How would we
reshape this
“sorry scheme of things?”

Five flies lie dead on a sill
fifty birds chatter on a wire
eight skeletons wash ashore

Cats fight, spill blood
wash, groom, share body heat
brothers by fate

Faults and perfections
love, fate, cruelty

©2017 Ontheland

The quoted words are from Omar Khayyam as translated by Edward FitzGerald:

Ah Love ! could thou and I with Fate conspire
To grasp this sorry Scheme of Things entire,
Would not we shatter it to bits – and then
Re-mould it nearer to the Heart’s Desire !

This quatrain, from Khayyam’s Rubaiyat, is featured by Carpe Diem #1315 Scheme of Things.




How changed I am.
How do you see me now?
my ancient face,
pale sagging, worn
by wind and sun
by tides of tears
laden with joy and sorrow,
my life flows receded
as a tree surrenders a leaf
before it falls,
Do you superimpose
my face of years ago or
am I always there
in the wells of my eyes?

©2017 Ontheland

For Jane Dougherty’s “A Month with Yeats” day three. The inspiration quote is from Yeats’ poem, ‘The Magi’:

‘With all their ancient faces like rain-beaten stones’—W.B. Yeats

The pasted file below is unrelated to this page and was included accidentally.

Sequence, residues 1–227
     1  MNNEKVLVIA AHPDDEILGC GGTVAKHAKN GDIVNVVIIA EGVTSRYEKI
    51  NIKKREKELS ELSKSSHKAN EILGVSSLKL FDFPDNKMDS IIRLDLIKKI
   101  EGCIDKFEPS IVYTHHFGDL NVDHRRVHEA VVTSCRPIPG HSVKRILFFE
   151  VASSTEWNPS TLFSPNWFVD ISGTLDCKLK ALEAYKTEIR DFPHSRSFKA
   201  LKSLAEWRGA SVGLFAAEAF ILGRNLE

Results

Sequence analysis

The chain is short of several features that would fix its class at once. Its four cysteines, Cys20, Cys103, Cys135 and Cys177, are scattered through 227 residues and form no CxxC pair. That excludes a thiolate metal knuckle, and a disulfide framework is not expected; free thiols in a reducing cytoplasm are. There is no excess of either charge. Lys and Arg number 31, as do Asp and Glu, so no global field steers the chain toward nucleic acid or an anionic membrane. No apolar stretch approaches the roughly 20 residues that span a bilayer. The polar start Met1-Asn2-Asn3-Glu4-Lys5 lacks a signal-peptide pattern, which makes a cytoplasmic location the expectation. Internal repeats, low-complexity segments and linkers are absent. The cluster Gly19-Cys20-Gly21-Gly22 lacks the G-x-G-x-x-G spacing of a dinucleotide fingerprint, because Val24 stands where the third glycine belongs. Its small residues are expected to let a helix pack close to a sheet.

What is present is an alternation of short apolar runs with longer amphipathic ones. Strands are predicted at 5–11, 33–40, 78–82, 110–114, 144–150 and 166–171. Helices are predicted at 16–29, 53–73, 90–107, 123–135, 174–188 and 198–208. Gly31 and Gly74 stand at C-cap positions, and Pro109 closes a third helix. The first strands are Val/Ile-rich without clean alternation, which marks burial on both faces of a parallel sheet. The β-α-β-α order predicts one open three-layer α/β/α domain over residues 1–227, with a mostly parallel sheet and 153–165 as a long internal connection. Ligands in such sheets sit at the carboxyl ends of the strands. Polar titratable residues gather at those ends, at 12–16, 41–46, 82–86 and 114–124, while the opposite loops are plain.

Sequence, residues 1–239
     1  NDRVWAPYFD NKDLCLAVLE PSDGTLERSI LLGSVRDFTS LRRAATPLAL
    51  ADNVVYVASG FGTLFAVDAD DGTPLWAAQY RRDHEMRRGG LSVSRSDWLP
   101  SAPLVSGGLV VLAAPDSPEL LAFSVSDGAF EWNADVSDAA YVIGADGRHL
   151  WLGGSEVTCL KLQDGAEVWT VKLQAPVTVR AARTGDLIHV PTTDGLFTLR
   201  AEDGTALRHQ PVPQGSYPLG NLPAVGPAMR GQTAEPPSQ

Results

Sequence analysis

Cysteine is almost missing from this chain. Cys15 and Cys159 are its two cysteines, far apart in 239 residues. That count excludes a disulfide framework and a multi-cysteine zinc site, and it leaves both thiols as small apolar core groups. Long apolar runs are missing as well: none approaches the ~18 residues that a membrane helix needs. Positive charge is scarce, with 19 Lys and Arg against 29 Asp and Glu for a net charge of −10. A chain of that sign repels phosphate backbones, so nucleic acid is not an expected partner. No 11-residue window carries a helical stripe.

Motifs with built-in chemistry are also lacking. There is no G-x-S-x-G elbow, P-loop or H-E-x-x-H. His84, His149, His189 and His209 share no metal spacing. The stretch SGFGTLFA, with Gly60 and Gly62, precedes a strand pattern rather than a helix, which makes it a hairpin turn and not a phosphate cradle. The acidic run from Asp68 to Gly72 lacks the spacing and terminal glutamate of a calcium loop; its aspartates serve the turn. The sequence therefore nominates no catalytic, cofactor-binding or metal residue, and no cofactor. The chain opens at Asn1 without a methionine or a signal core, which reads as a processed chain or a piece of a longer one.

October winds bend

sounds of settar reverie

my heart beats in time


deep within

gold thread of humanity

love’s mantra

©2017 Ontheland

Carpe Diem #1286 Love has taken me on a journey while listening to this performance by Iranian musician, Bahramji in a Putamayo compilation called “Yoga Lounge”.  My first impression was that the opening music is played on a Sitar, but when I delved further I concluded it is likely a Persian Settar.  (I still debate whether or not it is a Persian Santoor.)  Serendipitously I learned that the mantra, Rama Bolo, is a mantra of universal love.  When I look back to the prompt post I discover more connections to Chèvrefeuille’s haiku:

the last steps taken

to find universal love –

the sound of rain                         

© Chèvrefeuille (2014)



that spark of kindness

in her words.

Memory falters,

organs fail, love prevails.

It’s painful to witness a progressing illness that cannot be cured. The only buttress is feeling the dignity that prevails. Suzanne’s second On the Road prompt helped me find some solace…nobody deserves to end their life in suffering but some people do.

Snakes and ladders

Herbal remedies:
    laced with pesticides

Woodland hiker dreams:
    tumbles off a cliff

Barred basement windows:
    lock in radon gas

Pollution laws passed:
    wild repeals ensue

Vote for just reform:
   hate spiral spins out

Love and mindfulness
    immersed in chaos

No escape ladder---
    we must travel through.

©2017 Ontheland